Although in the present embodiment, an amount of uranium 4 times the amount of plutonium of 10 kg is left in the remaining material, an amount of uranium from equal part to 10 times the amount of plutonium of 10 kg may be left in the remaining material depending on a necessary ratio of plutonium to uranium to be described later. Even in the case where the amount of uranium 10 times the amount of plutonium of 10 kg is left, the volume of nitric acid and the size of the dissolution equipment, and the size of the equipment in the following process can be reduced to about 1/10.

One of major differences between the Purex method and the single cycle method is in whether or not the method has a distribution process for separating uranium from plutonium. The concentration of plutonium in nuclear fuel containing plutonium is higher than that in the spent light water fuel. The ratio of plutonium to uranium on the solution simply obtained by dissolving and co-decontaminating the spent light water fuel is smaller than a value necessary for the plutonium containing nuclear fuel. Therefore, it is necessary to remove part of an amount of uranium or to provide the distribution process for removing only plutonium. In the present method where uranium is separated by performing fluorination of the spent nuclear fuel before dissolving the spent nuclear fuel, by adjusting an amount of separated uranium so that the ratio of plutonium to uranium contained in the residue becomes a value equal to or slightly larger than the ratio in the product of plutonium containing fuel, the distribution process in the Purex method can be eliminated, and the more compact single cycle method or the method adding a purification process to the single cycle method can be employer. That is, there is an effect in that the reprocessing facility can be downsized by eliminating the distribution process in the Purex method, and amounts of used reagents and waste products can be reduced.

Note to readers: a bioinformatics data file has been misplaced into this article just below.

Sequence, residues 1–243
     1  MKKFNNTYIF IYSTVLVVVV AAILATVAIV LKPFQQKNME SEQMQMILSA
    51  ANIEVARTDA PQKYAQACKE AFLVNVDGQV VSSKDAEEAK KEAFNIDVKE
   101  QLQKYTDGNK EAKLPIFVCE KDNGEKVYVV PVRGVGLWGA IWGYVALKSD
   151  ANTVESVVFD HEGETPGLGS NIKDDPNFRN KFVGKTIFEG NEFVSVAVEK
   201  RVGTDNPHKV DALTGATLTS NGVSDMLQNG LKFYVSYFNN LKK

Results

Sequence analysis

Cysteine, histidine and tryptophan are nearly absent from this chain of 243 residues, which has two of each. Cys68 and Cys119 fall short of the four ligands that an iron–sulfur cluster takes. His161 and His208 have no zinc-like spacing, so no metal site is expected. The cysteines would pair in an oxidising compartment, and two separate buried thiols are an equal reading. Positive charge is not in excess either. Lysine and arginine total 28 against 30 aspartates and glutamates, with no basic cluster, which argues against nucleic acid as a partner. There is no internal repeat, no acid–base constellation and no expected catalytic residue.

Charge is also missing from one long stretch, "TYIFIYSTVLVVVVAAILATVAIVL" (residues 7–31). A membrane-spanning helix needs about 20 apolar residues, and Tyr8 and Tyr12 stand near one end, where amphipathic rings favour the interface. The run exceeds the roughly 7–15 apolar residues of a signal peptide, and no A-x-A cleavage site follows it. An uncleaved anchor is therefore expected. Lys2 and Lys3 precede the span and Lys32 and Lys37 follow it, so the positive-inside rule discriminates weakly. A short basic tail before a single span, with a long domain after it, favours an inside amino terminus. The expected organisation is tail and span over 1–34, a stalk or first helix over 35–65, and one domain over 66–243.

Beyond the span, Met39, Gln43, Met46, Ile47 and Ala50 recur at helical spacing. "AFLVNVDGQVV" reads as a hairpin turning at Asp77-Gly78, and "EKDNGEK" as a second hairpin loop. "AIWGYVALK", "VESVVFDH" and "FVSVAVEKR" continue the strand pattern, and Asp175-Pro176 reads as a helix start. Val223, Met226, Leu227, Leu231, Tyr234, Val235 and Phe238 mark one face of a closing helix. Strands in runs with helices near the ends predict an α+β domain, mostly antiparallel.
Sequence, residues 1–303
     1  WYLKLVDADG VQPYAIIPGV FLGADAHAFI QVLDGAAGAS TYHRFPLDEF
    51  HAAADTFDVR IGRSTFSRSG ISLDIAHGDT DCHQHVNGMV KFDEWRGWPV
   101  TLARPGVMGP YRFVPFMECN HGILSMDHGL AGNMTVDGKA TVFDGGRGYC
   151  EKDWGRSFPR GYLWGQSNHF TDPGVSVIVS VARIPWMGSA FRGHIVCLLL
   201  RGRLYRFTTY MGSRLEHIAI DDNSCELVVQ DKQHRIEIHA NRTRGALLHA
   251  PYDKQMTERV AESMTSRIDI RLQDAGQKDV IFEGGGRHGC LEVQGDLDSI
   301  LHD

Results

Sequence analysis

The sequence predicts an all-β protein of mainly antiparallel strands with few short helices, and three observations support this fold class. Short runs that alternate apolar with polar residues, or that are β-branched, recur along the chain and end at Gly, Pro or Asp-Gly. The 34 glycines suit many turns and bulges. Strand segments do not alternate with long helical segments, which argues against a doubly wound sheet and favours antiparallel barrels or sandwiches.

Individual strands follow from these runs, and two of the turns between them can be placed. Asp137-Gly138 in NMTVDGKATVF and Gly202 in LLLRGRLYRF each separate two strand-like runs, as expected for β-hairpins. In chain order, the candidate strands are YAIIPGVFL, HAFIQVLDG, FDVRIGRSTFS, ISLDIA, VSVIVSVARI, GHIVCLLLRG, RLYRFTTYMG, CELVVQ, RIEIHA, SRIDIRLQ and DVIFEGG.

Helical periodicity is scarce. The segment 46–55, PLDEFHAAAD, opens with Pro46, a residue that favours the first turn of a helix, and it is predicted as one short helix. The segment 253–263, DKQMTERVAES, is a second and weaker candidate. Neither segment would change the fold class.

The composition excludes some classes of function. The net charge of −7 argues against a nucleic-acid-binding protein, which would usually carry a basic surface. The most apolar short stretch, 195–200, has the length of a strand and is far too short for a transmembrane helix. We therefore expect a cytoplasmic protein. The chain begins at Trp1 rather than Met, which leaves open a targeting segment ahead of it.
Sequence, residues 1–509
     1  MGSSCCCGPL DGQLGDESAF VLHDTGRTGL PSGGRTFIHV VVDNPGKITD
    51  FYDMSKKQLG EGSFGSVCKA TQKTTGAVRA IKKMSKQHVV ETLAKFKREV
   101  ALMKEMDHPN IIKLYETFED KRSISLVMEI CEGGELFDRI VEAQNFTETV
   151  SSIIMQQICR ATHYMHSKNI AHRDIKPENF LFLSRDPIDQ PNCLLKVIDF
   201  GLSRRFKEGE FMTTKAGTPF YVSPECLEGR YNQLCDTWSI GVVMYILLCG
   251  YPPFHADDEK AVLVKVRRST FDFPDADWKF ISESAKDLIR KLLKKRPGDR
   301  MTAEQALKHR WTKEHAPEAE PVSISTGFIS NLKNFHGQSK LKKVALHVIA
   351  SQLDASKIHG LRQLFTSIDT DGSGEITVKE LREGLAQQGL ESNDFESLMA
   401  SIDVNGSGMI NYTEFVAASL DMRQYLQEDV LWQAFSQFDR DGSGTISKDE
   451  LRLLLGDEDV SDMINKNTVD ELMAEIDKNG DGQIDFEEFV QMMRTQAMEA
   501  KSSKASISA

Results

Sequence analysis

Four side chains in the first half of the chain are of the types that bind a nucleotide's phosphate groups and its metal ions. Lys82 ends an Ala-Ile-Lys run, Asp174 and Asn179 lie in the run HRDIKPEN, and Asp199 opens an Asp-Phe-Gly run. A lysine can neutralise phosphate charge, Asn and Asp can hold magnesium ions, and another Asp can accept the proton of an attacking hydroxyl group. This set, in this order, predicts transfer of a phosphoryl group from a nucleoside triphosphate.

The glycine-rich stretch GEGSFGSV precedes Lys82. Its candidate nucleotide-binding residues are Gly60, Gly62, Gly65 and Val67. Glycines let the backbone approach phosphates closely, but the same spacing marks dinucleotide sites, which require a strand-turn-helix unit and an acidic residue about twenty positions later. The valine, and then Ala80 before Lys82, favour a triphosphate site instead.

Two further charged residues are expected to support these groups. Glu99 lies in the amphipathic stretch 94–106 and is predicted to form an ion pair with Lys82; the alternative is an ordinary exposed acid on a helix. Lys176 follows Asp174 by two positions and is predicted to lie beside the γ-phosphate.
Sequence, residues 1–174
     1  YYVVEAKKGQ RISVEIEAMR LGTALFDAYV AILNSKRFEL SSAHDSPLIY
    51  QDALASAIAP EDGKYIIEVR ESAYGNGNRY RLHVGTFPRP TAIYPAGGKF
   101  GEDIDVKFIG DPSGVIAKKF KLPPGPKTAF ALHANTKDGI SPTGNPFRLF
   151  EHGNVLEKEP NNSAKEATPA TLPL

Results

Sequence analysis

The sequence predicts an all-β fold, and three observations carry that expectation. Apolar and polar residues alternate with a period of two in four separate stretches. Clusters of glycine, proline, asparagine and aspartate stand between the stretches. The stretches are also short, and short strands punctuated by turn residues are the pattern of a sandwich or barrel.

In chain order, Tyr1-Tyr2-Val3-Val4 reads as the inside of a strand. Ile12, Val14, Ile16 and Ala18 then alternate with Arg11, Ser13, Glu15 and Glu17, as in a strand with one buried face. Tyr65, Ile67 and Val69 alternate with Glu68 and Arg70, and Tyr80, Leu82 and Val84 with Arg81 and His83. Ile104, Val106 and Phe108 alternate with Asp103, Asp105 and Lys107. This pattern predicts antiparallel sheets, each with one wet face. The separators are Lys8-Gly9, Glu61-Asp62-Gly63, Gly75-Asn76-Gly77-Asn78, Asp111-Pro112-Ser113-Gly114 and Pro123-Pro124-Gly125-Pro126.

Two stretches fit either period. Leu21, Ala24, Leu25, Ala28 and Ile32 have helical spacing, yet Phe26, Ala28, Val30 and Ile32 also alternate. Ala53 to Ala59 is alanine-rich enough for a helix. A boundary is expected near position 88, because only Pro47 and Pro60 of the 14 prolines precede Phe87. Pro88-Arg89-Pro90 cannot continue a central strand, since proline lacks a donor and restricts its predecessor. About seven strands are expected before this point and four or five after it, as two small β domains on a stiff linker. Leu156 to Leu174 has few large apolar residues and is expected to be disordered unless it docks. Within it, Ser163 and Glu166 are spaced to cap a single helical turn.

When part of an amount of uranium contained in the spent nuclear fuel is removed by making fluorine or a fluorochemical act on the spent nuclear fuel, the removed uranium is in a chemical form of UF6. The boiling point of UF6 is about 60° C., and the UF6 gas can be changed to the solid or liquid phase using a cold trap. Further, the solid or liquid phase can be easily changed to the gas phase by reheating. The fission products having volatilization rates different from that of UF6 can be separated from the uranium by using the cold trap and a rectification equipment. Furthermore, the fission products can be further removed from uranium by making the UF6 in gas phase pass through an absorption trap filled with NaF and/or LiF and/or MgF2. The DF reaches 100 millions to 1 billion which is equal to a DF attained by the co-decontamination and the uranium purification in the Purex method. On the other hand, in the case where part of an amount of uranium is separated by the crystallization method, an operation equivalent to the co-decontamination and the uranium purification in the Purex method must be performed in order to reuse the uranium in a light water reactor. In the case where plutonium of 10 kg and the amount of uranium 4 times the amount of plutonium are left in the spent nuclear fuel which contains 920 kg of uranium and 10 kg of plutonium, the amount of uranium removed from the spent nuclear fuel is 880 kg. When the uranium is dissolved in nitric acid, and then the co-decontamination and the uranium purification are performed, the volume of nitric acid solution supplied to the co-decontamination is about 3500 litters assuming that 250 g of uranium is contained in 1 (one) litter of the nitric acid solution. Further, nearly the same volume is required for each of the organic phase containing an extractor such as TBP and the aqueous phase for the inverse extraction. That is, the volume of the liquid used in the co-decontamination process is about 10000 litters, and nearly the same volume of liquid is used in the purification process. Since as the extraction machines used for the co-decontamination process and for the purification process, small-sized machines such as a centrifugal extracting machine have been developed, the size of these process facilities is determined by the volume of a tank storing the liquid used in the process. The capacities of these tanks are required to be 20000 litters for both of the co-decontamination and the purification processes to the case of 920 kg of uranium and 10 kg plutonium. If intermediate tanks are required, the required volume will become several times as large as that volume though it depends on the design. On the other hand, in the case of purifying UF6, UF6 in gas phase can be converted to solid or liquid phase. Uranium of 880 kg corresponds to 1300 kg of UF6, and the specific density of UF6 is 5.1 g/cc. Therefore, the stored volume is 250 litters. Even if a plurality of store tanks are installed, the total volume of the tanks will be 1000 to 2000 litters, and the installation scale will be smaller than 1/10 of a volume in the case of the purification of uranium separated through the crystallization method.